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Archaeologists Uncover Ancient Underground Shelter in Israel, Dating Back 2,000 Years


Apr 3, 2024

Archaeologists have unearthed a massive underground hideout in northern Israel that is believed to be nearly 2,000 years old. The underground labyrinth, located near the ancient village of Huqoq, is made up of tunnels and rooms that were built around the time of a Jewish revolt against the Roman army. The hideout, dug approximately 100 meters deep, was likely used by Jewish families to escape the Roman legions.

Experts believe that the cramped tunnels and larger cavities found in the underground hideout were designed to accommodate entire families seeking refuge from the Romans. During excavations, archaeologists have discovered artifacts such as a bronze ring believed to be from ancient times, further confirming the historical significance of the site. The ongoing excavations are expected to uncover more artifacts and shed light on the lives of the Jewish inhabitants who sought shelter there.

While similar hiding places from the same period have been found near Jerusalem, the discovery of this underground hideout near the ancient village of Huqoq is considered exceptional. The location of the village, located about 10 kilometers from the city of Tiberias, was unexpected as battles with the Romans were not believed to have reached this far north. The discovery provides valuable insights into the history of the Holy Land and the challenges faced by the Jewish population during ancient times.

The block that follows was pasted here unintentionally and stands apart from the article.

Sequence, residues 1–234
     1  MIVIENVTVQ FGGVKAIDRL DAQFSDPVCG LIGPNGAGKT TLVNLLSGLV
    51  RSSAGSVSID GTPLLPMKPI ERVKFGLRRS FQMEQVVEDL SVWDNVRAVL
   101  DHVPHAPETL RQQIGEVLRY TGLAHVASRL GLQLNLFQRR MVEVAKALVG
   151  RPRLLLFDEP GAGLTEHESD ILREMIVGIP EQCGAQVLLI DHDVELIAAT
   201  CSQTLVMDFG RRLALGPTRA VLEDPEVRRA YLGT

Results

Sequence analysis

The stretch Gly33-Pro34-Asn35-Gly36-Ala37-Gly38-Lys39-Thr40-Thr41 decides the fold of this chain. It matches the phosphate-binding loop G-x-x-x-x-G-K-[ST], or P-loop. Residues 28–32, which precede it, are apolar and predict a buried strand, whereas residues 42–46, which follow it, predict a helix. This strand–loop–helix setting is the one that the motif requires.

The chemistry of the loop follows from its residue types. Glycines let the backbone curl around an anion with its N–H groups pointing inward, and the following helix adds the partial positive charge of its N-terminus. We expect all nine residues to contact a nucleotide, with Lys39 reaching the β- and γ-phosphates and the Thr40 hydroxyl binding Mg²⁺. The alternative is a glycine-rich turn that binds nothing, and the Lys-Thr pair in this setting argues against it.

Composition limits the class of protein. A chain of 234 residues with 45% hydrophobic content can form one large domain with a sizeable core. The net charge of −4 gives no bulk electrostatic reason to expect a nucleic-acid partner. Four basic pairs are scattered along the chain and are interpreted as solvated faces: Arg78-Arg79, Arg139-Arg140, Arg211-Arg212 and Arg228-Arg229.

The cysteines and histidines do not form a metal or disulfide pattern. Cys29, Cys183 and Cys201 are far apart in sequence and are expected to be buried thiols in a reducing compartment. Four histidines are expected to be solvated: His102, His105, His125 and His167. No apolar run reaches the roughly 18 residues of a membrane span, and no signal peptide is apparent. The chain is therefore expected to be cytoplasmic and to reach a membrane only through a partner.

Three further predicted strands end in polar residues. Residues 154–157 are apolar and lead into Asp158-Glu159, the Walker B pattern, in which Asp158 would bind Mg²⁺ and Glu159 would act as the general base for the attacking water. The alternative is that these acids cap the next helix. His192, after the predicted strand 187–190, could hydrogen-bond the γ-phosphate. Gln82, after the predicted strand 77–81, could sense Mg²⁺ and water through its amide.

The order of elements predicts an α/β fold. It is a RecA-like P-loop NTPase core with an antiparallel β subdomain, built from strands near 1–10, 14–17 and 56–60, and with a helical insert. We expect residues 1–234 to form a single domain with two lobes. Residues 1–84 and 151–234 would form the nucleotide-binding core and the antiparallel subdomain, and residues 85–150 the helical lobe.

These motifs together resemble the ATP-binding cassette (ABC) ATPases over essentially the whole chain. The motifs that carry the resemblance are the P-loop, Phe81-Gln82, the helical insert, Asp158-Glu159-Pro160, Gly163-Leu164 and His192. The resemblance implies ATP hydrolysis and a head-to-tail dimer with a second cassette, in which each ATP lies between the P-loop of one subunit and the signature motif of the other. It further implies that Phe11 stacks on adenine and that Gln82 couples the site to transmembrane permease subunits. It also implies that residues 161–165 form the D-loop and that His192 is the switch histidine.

As the excavation continues, researchers hope to uncover more secrets of this underground hideout and gain a better understanding of its significance in the context of ancient Jewish history. The discovery of the massive underground structure offers a glimpse into the lives of those who sought refuge from external threats and sheds light on the architectural and survival strategies employed by ancient Jewish communities.

By editor

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